restricted access The Twelfth Century. An unsigned review of The Renaissance of the Twelfth Century, by Charles Homer Haskins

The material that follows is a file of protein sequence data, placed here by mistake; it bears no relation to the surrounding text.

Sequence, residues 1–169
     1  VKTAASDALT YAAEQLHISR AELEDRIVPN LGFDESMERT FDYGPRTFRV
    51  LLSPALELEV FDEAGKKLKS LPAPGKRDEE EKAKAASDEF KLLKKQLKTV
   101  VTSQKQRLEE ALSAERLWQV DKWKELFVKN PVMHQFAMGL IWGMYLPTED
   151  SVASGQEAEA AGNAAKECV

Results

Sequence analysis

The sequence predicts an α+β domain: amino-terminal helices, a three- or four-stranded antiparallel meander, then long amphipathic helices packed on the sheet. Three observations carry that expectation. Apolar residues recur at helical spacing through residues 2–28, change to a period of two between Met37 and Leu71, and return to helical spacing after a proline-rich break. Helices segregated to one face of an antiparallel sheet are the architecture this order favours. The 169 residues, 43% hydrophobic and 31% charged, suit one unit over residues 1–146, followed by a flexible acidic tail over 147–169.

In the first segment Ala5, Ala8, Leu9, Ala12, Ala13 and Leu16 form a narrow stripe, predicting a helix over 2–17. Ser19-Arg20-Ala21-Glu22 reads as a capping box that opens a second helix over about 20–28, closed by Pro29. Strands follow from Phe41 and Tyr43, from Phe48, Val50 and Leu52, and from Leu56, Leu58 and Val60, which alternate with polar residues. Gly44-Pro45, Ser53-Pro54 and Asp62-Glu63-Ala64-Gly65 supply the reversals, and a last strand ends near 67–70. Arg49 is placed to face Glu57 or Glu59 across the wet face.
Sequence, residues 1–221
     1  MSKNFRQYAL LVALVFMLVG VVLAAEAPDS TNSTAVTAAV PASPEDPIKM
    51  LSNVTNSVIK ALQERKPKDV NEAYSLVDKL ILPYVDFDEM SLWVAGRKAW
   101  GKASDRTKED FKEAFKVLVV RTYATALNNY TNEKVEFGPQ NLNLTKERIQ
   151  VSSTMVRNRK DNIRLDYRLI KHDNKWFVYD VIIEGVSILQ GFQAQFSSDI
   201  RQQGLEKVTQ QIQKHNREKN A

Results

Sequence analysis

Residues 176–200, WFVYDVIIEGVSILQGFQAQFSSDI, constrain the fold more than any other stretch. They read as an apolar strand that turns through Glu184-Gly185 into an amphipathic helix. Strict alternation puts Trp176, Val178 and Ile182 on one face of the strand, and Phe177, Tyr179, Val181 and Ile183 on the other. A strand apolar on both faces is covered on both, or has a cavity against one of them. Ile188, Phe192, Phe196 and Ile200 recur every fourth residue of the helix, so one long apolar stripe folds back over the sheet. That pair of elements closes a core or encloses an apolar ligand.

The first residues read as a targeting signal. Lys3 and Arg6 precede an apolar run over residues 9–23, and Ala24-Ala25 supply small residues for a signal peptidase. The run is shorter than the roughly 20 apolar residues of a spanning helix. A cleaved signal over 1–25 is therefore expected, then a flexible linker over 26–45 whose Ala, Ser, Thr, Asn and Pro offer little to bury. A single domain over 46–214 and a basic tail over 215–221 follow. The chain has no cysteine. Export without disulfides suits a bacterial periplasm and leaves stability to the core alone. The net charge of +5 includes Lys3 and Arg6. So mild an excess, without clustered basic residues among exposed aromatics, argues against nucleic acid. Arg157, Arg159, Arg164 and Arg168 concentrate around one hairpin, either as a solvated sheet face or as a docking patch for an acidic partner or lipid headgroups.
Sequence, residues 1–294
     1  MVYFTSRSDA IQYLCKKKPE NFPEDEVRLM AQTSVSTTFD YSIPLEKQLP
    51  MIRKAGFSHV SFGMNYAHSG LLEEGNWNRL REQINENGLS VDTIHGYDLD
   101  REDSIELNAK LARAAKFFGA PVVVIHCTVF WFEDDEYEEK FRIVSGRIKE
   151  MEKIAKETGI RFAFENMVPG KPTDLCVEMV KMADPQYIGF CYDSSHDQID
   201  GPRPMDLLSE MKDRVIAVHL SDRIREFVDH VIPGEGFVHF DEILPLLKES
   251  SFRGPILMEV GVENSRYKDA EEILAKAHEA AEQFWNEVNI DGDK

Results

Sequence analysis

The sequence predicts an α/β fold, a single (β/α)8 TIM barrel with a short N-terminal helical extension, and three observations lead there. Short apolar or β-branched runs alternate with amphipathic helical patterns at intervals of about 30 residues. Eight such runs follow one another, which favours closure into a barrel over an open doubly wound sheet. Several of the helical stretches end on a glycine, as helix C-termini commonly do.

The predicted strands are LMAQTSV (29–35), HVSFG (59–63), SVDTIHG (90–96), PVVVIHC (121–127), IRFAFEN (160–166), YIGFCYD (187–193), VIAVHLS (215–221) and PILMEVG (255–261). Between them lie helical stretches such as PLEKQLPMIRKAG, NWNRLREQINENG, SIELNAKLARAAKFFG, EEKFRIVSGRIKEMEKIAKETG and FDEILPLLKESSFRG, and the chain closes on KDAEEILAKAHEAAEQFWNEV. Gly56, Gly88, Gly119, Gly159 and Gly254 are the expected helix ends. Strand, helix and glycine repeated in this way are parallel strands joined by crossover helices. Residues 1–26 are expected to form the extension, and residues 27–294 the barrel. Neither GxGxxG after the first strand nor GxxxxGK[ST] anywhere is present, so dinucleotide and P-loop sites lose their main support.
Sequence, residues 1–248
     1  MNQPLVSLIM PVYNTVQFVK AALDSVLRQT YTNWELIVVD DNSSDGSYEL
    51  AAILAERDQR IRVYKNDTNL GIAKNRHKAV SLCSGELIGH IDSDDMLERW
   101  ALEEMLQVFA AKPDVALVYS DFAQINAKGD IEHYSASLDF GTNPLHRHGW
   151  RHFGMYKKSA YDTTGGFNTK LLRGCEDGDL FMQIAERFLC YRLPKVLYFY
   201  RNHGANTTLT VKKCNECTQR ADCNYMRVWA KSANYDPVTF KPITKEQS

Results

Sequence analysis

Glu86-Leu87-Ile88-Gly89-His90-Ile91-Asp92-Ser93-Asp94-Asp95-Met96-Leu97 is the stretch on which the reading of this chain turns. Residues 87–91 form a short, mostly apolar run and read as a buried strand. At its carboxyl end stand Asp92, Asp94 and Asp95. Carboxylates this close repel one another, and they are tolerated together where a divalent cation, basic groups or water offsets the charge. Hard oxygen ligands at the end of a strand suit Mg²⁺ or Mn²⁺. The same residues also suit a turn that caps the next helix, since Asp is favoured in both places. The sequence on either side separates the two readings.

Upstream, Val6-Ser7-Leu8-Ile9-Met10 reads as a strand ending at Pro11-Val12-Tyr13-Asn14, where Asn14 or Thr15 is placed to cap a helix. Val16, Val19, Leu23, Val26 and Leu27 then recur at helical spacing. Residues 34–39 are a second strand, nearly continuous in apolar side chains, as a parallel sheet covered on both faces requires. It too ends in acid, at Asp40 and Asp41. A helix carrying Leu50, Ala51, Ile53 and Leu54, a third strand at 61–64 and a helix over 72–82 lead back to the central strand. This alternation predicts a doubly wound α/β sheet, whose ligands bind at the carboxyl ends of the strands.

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[ 175 The Twelfth Century An unsigned review of The Renaissance of the Twelfth Century, by Charles Homer Haskins Cambridge, MA: Harvard UP; London: Milford, 1927. Pp. viii + 437. The Times Literary Supplement, 1332 (11 Aug 1927) 542 ProfessorHaskins–who,incidentally,hasbeenDeanoftheGraduateSchool of Arts and Sciences in Harvard University – is not only a well-known specialist in medieval history, but has had long experience in lecturing to young undergraduates unacquainted with his subject.1 We have the right to expect from him both original and accurate scholarship and ability in popular exposition. In this volume we are not disappointed. Professor Haskins is a modest person, and in his preface he hastens to admit that the book covers more ground than his own – or, indeed, we may add, than any one person’s – first-hand knowledge. In some chapters he is able to speak with his own authority; where he cannot we may be sure that he speaks with the support of the best authority. To those who do not know Mr. Haskins’s own work the fact that he has had, in the chapter dealing with philosophy, the assistance of Professor Étienne Gilson is sufficient testimony.2 The twelfth century was a time of very various activity; and Professor Haskins limits himself to the “Latin Side.”3 That is, he refrains from discussing vernacular literature or the Provençal tradition. What he is himself interested in, we suspect, is medieval law, for his chapter on “The Revival of Jurisprudence” is especially brilliant and interesting. But within his limits we can say that he touches on everything with interest and in a way to arouse interest; whether it be Latin poetry, or the Arabic influence, or the universities. His chapters on the Latin language – he defends the medieval Latinity – and on Latin poetry, both devotional and secular, are wholly admirable, and will tempt readers of Remy de Gourmont’s Le Latin Mystique or Professor Phillimore’s Hundred Best Latin Hymns to explore the bibliography which he has appended.4 No one has more clearly, in a few pages, exposed the twelfth-century anomaly – and yet the essential congruity – of the finest religious verse and the most brilliant, blasphemous 1927 176 ] verse. To the present generation of versifiers, so deficient in devotion and so feeble in blasphemy, the twelfth century might offer an edifying subject of study. Our only reservation against Professor Haskins’s book is one which is often applicable to works of popularization: that where we already have some acquaintance with the subject we have little to learn from him. For instance, his review of twelfth-century philosophy is excellent. It is accurate and well balanced. Yet we fail to learn from it what are the important gifts of thought of Anselm, or Abelard, or John of Salisbury;5 and of Hugh and Richard of St. Victor we learn only that they were writers of mystical feeling, with a strong tendency toward allegory or symbolism.6 Any one of these writers alone is still capable of rousing a keen enthusiasm in whoever will take the trouble to read him; but all of these writers together are quite incapable of stimulating the slightest interest. The trouble, of course, is not with either Mr. Haskins’s knowledge or Mr. Haskins’s powers of exposition; it is with the method. When a scholar of such qualifications has written so readable a book, and when, moreover, every chapter of this book is garnished with a very complete and highly useful bibliography, and when the writer is manifestly inspired with a real enthusiasm for his subject, it may be captious and ungrateful to hint that the method is wrong. But we feel that Professor Haskins’s book, like many books by American scholars, is affected in its form by the needs of his own more juvenile students, rather than by the needs of the mature literate public. For a student beginning a course of study of medieval history Mr. Haskins’s book is admirably formed; such a student must perforce study the twelfth century, and if the student has any possibility of feeling for the medieval mind he will be led by this book to further studies. But for that general awakening of interest in the later Middle Ages of which there are signs to-day, this book is not quite what we want. It deals with the twelfth century in extension, emphasizes the multitude and variety of its interest and achievements. But the twelfth century...


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